Use this URL to cite or link to this record in EThOS: http://ethos.bl.uk/OrderDetails.do?uin=uk.bl.ethos.605085
Title: Development of environmental scanning electron microscopy for textile hydration studies
Author: Jenkins, L.
Awarding Body: University of Cambridge
Current Institution: University of Cambridge
Date of Award: 1999
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Abstract:
The possibility of supporting a saturated water vapour atmosphere together with the presence of liquid water in the Environmental Scanning Electron Microscope (ESEM) presents new opportunities for the observation of water-textile interactions. It is important to understand such interactions because they will affect many manufacturing and performance processes, including dyeing, finishing, comfort and washing behaviour. Control of temperature and pressure conditions surrounding the sample in the ESEM allows the performance of in situ hydration experiments at high magnification and resolution. Many organic materials are very susceptible to the effects of the beam in an electron microscope. Beam specimen interactions will change the nature and therefore behaviour of the sample. Experiments with cellulosic fibres showed that some of the visible signs of damage are identical to those indicating interaction with water. These signs include smoothing of the fibre surfaces, and loss of surface and edge detail. Experiments were performed to investigate the effect of various experimental parameters on the time of onset of damage. From the results of these experiments, conditions were found which delayed the onset of visible damage for 40-50 minutes. Using the damage-free conditions, mounting and hydration techniques were developed which allow the observation of cross-section area increase in fibres as they interact with liquid water. The results obtained for the lyocell fibres chosen for these experiments show good agreement with similar swelling experiments in the optical microscope performed to confirm the temperature independence of swelling at low temperature. The possibility of assessing the effect of packing density on swelling using the same hydration technique has also been investigated, but limitations of the mounting method prevent the acquisition of useful data for this purpose. A method has been developed for the observation of the wetting behaviour of various textile fabrics. It has been shown that the ESEM provides a quick and easy method of comparing the behaviours of sample materials. Ability to interpret the images produced in the microscope depends on a knowledge of wetting processes. Conditions have been found which allow the condensation of water droplets onto individual textile fibres. Initial assessment has been made to determine the suitability of the ESEM micrographs for the measurement of contact angles.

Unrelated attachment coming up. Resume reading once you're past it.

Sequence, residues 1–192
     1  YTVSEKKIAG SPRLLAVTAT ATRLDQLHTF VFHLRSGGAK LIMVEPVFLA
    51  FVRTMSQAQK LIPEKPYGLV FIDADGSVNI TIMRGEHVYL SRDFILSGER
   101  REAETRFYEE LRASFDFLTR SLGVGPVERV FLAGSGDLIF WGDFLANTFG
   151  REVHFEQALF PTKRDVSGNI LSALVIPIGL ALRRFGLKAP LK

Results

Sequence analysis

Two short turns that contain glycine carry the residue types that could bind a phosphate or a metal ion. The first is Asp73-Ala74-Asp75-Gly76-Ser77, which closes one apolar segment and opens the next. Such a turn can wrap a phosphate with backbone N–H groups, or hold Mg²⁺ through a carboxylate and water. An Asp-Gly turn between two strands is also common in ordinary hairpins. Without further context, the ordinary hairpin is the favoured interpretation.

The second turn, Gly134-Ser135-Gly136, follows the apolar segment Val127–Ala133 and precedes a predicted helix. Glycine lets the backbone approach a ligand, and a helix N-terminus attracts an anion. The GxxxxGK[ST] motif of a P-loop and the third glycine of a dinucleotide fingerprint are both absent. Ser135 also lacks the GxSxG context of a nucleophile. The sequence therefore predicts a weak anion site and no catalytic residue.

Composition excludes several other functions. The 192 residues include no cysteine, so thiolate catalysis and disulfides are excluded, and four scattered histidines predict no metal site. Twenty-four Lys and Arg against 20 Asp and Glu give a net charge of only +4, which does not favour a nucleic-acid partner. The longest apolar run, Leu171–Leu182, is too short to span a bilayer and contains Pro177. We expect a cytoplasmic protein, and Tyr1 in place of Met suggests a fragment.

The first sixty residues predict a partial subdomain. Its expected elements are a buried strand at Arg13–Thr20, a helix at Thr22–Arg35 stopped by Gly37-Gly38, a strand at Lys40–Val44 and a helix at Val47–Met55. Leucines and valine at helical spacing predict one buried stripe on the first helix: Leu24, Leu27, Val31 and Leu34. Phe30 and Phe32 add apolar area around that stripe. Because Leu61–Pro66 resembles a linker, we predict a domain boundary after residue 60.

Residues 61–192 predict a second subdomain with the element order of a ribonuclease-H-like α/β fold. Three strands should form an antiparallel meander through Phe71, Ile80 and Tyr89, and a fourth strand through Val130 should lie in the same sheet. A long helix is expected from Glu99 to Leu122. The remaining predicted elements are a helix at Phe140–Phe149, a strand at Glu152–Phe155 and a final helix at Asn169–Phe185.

Supervisor: Not available Sponsor: Not available
Qualification Name: Thesis (Ph.D.) Qualification Level: Doctoral
EThOS ID: uk.bl.ethos.605085  DOI: Not available
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